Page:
Another juror from Bill Cosby’s sexual assault trial has spoken out about the high-profile case, becoming the first jury to publicly reveal his identity. Bobby Dugan, 21, appeared on ABC’s Good Morning America Monday and said flat-out, “I thought he was guilty.” But, Dugan noted, he thinks the jury ultimately ended up deadlocked due to a lack of evidence presented by the prosecution. “If there was other evidence, more substantial evidence, we would’ve had a better verdict than deadlocked.
Dugan painted a picture similar to what other jurors who have spoken out anonymously about the deliberations have described: Tensions running high among the 12 jurors. “The most intense moment I think was when there was about four people crying in the room. One was out in the hallway pacing, visibly upset.”
Dugan also said Cosby’s celebrity loomed large among jurors, and likely led to them deliberating for as long as they did — 52 hours over the course of six days. But, for him, Cosby’s guilt hinged on a single word the disgraced comic refused to say during a deposition given more than a decade ago in response to Andrea Constand’s accusations. “When they were asking him if he would use the word consent, he said, ‘I wouldn’t use that word.’ And I was like you pretty much said it there yourself, man.”
On Sunday, two of Cosby’s representatives disputed news reports that emerged on Friday indicating Cosby was planning to launch a speaking tour during which he would counsel young men on how to avoid having sexual assault allegations made against them.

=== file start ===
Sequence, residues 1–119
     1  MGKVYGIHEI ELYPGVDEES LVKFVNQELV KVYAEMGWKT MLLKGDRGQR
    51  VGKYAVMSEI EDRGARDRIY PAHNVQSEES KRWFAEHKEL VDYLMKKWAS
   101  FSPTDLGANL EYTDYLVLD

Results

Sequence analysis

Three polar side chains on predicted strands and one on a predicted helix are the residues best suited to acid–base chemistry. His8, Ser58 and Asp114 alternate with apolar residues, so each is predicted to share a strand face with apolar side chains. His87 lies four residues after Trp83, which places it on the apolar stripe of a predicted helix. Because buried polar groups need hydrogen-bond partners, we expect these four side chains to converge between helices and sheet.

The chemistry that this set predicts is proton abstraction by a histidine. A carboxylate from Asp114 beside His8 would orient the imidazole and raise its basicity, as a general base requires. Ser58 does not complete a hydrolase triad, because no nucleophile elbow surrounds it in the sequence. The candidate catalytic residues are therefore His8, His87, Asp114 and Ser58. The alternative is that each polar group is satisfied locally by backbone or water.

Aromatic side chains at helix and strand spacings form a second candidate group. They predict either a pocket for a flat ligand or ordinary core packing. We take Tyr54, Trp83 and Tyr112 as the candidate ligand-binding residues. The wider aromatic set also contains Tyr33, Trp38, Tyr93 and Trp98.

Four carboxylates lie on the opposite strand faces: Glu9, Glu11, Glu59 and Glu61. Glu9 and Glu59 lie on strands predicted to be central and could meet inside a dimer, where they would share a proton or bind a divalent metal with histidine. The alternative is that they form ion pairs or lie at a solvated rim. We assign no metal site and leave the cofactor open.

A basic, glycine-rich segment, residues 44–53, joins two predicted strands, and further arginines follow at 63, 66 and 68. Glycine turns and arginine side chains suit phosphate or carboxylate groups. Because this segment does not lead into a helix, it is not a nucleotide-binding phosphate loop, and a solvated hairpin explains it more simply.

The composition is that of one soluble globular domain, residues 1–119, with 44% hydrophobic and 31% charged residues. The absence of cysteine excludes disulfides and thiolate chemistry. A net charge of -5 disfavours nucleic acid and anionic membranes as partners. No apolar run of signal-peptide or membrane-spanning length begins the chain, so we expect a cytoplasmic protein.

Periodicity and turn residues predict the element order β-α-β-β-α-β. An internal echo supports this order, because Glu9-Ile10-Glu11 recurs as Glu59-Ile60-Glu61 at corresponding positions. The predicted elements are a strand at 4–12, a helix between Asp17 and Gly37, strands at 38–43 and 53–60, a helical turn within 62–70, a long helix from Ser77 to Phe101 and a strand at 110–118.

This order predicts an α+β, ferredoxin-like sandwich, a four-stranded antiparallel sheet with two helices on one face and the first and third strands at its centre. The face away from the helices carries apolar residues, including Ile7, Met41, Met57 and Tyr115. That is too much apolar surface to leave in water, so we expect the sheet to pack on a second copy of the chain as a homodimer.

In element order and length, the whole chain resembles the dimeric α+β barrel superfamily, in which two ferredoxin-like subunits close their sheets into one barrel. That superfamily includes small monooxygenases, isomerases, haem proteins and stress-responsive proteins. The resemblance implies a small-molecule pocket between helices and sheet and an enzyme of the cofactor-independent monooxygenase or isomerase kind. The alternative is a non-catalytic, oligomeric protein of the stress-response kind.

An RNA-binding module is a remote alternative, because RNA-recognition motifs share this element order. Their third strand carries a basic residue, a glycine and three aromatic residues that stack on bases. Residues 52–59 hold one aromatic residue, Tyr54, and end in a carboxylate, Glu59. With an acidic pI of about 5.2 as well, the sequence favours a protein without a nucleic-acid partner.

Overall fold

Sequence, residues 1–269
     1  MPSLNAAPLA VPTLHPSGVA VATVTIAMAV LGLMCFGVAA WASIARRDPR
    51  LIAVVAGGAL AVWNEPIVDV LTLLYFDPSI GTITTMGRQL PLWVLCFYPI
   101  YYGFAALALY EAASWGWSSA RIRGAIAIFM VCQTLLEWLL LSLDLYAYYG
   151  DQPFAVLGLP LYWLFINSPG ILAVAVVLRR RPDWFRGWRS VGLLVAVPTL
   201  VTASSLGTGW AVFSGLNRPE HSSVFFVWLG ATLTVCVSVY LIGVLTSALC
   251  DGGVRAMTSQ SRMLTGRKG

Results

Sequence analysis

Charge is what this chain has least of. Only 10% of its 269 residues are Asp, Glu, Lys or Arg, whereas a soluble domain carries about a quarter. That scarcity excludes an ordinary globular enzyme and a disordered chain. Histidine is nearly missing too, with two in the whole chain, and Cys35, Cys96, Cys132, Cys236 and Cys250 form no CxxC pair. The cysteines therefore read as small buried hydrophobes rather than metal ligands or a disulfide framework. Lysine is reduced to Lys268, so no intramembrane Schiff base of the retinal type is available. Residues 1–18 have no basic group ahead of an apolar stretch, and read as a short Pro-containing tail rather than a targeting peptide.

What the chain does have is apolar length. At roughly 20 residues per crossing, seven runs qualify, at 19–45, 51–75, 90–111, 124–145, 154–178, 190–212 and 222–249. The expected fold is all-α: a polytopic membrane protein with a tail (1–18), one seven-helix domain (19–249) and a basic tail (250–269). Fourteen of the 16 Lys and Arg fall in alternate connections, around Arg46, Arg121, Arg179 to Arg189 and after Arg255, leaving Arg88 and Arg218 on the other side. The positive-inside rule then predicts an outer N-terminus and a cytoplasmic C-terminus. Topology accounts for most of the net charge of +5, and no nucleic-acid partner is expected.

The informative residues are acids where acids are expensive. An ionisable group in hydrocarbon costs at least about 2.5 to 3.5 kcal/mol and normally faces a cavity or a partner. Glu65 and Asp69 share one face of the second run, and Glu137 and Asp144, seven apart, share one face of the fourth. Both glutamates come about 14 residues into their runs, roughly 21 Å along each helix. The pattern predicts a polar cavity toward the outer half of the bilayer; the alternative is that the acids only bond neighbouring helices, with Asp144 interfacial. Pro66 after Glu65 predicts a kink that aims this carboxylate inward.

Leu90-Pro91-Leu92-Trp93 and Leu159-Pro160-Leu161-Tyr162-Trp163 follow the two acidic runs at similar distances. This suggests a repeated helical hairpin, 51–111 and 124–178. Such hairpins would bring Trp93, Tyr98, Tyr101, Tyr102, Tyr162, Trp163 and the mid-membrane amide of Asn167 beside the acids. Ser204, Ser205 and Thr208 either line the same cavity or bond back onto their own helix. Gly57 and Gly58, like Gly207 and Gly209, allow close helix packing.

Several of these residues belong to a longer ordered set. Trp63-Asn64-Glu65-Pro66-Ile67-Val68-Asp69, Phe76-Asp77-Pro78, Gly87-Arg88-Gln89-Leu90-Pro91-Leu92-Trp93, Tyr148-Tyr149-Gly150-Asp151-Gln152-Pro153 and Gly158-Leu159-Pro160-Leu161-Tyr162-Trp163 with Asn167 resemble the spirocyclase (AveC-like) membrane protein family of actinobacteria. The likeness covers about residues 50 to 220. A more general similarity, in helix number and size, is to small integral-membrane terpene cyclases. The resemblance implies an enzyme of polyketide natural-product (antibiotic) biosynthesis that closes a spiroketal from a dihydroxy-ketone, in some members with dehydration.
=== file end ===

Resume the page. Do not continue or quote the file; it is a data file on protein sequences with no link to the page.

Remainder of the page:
“The town hall meetings are not about sexual assault,” Ebonee Benson, a publicist for Cosby, said during an appearance on CNN. “I will repeat. These town hall meetings are not about sexual assault.” Instead, Benson said, media “sensationalism” distorted what she and her colleague, Andrew Wyatt, had said while speaking on an Alabama morning show.
“This went way beyond a comment made from an interview by my colleague a couple of days ago when we initially talked about the town hall meetings, it was about restoration of legacy,” Benson said. “To take something meant to talk about the restoration of this man’s legacy that was destroyed by the media before he even had a chance to step into the courtroom. That’s what this is about.”
During the morning show appearance, Benson had said, “The laws are changing, the statute of limitations for victims of sexual assault are being extended, so this is why people need to be educated on a brush against the shoulder,” said Benson. “Because anything at this point can be considered sexual assault and it is a good thing to be educated about the laws.”
Watch the full interview with Dugan, the juror, below.
And watch a clip of Benson’s full on CNN along with a clip from the Alabama morning show below.